This Gorgeous New Cruise Ship Will Take You to France, Greece, and Italy — and It's Got a Resort-style Pool, a Stunning Cocktail Bar, and Spacious Cabins
Oceania Cruises’ first new ship in more than a decade just started sailing in the Mediterranean Sea, and we were one of the first on board.
I woke up to gray skies as Oceania Vista pulled into the port of Naples, Italy. Determined to reverse my weather luck, I went to deck 12 for a Morning Sunrise smoothie at Aquamar Kitchen. It worked. Some combination of the restaurant’s white-tile backsplash and baby-blue accents and the tropical smoothie brightened my mood. Heartened, my husband and I decided to brave the rain and set out in search of life-changing pizza.
Last week, I was one of 1,200 passengers on Oceania Cruises’ first new ship in 11 years. With the debut of Vista, the brand, owned by Norwegian Cruise Line Holdings, rolled out its new Allura class of ship. It’s the first Oceania vessel where every room has a balcony, and it launched with Starlink (yes, the Elon Musk Wi-Fi), which was strong enough for me to take a Zoom call in the middle of the Tyrrhenian Sea with my camera on. Of Vista’s 11 bars and restaurants, three are entirely new to Oceania — including a high-end cocktail counter that’s giving Death & Co. at sea, and the health-focused Aquamar with made-to-order salads, protein-dominant lunch bowls, and pressed juices.
There are, however, venues that faithful Oceania cruisers will recognize, like steak house Polo Grill and Italian restaurant Toscana, also on the Oceania-class ships, Riviera and Marina, and the older Regatta-class vessels. I was particularly excited to eat at Toscana, not only because I’d heard about the olive oil cart, but because Giada De Laurentiis — the ship’s godmother who sailed with us and christened Vista in a portside ceremony in Valletta, Malta — supplied two recipes for the menu. As someone who watched a lot of Everyday Italian in the early aughts, I felt strongly about trying her signature Capri-inspired lemon spaghetti. The lemon-cream sauce with grilled shrimp and capers delivered. It was easily the most talked-about dish on board, with the exception of the duck-and-watermelon salad at pan-Asian restaurant Red Ginger.
I hit the jackpot – which, on Vista, isn’t winning big at the deck-six casino, it’s scoring a Red Ginger reservation — about halfway through our cruise, as we sailed from Malta to Naples. From our corner table, my husband and I took in the glass-and-gold light fixtures and the geometric black aluminum dividers that created cozy seating nooks near the windows. We dug into tuna and salmon sashimi, pork-and-vermicelli spring rolls, and — of course — the famed duck-and-watermelon salad (which lived up to the hype), all paired with a Sonoma chardonnay. The showstopper, though, was the medium-rare bulgogi rib-eye plated on chic, blue-rimmed Tokyo Design Studio ceramic. We capped our night at Martinis — bet you can guess what that bar serves — where a pianist plays every night and the well of Elton John covers and The Botanist gin seemingly never runs dry.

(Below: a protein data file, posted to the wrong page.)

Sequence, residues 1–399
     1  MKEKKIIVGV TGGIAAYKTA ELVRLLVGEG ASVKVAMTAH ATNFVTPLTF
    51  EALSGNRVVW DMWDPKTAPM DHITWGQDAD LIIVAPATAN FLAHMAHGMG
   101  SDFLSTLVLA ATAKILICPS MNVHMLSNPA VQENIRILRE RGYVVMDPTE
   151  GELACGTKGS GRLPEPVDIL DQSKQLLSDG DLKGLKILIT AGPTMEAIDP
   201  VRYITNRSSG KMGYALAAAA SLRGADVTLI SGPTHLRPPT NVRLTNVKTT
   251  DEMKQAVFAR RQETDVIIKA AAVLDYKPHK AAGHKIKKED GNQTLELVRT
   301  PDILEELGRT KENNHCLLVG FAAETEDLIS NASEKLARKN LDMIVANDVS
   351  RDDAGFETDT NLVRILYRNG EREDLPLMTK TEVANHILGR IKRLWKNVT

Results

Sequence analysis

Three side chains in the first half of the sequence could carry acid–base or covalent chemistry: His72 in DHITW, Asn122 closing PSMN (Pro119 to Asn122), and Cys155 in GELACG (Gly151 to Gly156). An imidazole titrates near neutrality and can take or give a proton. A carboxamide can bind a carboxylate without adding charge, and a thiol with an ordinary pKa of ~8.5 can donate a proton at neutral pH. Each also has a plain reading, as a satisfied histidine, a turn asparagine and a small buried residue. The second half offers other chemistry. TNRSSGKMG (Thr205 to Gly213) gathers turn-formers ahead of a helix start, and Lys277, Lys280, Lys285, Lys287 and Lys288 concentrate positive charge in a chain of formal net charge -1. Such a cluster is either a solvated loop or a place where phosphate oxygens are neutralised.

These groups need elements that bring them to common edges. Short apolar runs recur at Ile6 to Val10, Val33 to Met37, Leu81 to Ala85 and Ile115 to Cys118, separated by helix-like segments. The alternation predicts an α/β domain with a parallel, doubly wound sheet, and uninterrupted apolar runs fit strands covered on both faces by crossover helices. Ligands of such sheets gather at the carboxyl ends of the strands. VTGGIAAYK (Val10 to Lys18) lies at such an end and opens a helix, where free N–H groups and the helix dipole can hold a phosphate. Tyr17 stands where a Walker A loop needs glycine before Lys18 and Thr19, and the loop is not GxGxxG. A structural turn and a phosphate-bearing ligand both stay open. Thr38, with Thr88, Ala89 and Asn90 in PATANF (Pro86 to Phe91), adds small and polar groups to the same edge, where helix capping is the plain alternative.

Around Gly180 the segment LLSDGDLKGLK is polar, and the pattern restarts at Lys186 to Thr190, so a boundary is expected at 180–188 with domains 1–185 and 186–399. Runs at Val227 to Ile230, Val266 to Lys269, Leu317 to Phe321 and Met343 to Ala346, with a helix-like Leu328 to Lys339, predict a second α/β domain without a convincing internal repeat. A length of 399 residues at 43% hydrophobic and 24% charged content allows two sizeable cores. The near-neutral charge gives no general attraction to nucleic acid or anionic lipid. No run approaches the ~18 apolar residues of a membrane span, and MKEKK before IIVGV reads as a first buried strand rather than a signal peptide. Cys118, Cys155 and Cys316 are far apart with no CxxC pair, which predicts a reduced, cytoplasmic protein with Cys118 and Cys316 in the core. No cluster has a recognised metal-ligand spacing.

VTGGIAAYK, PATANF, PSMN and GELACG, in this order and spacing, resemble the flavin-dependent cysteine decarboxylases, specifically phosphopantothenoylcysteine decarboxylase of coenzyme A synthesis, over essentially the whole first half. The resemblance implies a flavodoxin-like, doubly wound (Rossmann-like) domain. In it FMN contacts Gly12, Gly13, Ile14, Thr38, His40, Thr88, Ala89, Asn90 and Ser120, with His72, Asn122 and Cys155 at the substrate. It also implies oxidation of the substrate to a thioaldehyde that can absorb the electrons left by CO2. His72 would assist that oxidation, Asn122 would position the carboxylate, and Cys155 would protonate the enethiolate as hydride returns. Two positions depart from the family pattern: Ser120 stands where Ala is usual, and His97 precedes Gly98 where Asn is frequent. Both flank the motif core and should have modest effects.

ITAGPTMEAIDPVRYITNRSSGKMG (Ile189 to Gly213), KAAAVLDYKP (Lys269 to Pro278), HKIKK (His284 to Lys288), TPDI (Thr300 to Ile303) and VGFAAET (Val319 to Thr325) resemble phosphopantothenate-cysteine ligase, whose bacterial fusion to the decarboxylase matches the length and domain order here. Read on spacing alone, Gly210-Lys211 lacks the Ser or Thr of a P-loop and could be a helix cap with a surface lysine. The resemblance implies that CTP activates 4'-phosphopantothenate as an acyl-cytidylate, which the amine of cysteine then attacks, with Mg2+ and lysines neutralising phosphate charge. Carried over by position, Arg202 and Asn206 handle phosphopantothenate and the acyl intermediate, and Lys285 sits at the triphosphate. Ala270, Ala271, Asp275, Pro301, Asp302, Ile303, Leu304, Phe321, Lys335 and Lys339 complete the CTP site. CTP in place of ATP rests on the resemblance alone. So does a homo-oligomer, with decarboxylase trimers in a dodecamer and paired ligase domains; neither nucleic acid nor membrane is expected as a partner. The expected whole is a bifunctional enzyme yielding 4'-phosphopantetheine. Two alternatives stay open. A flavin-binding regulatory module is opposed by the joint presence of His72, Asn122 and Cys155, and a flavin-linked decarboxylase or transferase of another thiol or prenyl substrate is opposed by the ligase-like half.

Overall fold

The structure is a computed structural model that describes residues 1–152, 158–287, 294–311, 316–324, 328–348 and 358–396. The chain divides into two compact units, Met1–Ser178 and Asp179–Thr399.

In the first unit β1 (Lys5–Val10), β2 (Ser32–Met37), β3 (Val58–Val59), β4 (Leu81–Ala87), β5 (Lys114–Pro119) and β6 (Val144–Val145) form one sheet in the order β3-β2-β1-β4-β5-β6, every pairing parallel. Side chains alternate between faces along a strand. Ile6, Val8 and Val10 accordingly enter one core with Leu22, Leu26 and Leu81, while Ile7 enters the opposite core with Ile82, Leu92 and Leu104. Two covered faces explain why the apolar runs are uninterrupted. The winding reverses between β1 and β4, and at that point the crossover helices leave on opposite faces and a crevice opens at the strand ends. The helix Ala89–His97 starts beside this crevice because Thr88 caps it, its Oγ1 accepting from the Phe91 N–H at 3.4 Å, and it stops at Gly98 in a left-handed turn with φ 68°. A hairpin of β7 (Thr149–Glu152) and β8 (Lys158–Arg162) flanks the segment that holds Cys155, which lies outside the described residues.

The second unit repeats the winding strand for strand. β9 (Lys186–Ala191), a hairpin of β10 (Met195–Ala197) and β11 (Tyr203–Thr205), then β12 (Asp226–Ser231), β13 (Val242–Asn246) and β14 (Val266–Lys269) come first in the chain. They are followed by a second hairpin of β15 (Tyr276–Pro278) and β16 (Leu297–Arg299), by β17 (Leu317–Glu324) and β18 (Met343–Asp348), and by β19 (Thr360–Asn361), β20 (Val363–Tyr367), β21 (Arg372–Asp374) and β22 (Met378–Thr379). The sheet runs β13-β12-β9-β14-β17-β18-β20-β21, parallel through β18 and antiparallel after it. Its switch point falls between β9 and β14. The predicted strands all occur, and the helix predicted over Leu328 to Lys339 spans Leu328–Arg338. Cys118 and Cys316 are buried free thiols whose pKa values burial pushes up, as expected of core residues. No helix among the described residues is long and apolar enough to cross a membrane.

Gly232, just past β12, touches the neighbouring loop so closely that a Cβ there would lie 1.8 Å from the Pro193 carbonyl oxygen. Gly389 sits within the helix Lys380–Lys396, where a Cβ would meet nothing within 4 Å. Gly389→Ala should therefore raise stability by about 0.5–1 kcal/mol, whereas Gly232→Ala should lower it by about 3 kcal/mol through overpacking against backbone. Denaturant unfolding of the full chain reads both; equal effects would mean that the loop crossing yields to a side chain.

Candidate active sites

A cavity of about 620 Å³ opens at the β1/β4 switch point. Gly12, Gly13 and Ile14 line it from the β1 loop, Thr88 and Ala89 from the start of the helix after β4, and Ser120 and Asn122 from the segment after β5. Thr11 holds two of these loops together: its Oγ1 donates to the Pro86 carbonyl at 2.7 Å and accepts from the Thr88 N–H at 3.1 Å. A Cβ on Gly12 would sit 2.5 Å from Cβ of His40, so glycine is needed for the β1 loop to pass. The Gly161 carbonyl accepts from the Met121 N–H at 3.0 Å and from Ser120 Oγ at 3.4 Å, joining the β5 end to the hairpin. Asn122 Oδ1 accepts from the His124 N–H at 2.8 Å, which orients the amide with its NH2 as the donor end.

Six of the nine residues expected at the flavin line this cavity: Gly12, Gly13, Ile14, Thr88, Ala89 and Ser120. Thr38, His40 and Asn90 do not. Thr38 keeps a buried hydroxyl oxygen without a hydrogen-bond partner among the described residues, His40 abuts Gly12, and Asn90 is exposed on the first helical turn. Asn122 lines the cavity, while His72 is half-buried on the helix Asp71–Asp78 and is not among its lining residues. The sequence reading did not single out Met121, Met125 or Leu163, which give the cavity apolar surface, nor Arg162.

Most nights, though, Founders Bar was the spot. New to Oceania, its most ambitious bar aboard has a menu of 26 intricate cocktails that use house-made syrups and top-shelf booze like Whistle Pig and parsley-infused Grey Goose. Of those cocktails, we tried nine (a decent showing, but not our best), and kept coming back to the Not So Sure, a potent take on an old fashioned made with Earl Grey tea–infused Woodford Reserve bourbon.
We marveled over the mixology — smoke, bubbles, and botanical spritzes were all part of the show — with other industry insiders, including Oceania executives and travel advisors who’d joined the preview sailing. Still, the onboard demographic was typical for Oceania, which tends to attract travelers in their 60s. That’s where the stories are. We dined with one couple, in their mid-80s, who have done two month-long stints on Oceania ships. They spent our meal at Ember, Vista’s new American restaurant, telling us about the preparations that go into cruising the east coast of Africa to safeguard against Somali pirate attacks. Another gentleman, who grew up visiting Malta, sent us to the Valletta pub where actor Oliver Reed spent his time while shooting “Gladiator.” (Apparently, one night, Reed challenged British sailors to a drinking contest — and died in that very bar. At the unassuming pub on a Valletta side street, you can buy a shirt with Reed’s final, unpaid bar tab: eight pints; 12 double rums; 14 whiskeys. We opted for a slightly more restrained order.)
That said, the ship really is putting in the work when it comes to appealing to millennials. There’s the excellent Wi-Fi; pickleball (America’s fastest growing sport, by the way, with NPR reporting “the strongest growth among players under 55”); a very Sweetgreen-like salad counter at Aquamar; and a coffee shop that looks like one in walking distance of my home in L.A. (marble counters, gold accents, leather bar stools) and pulls an espresso shot of similar quality.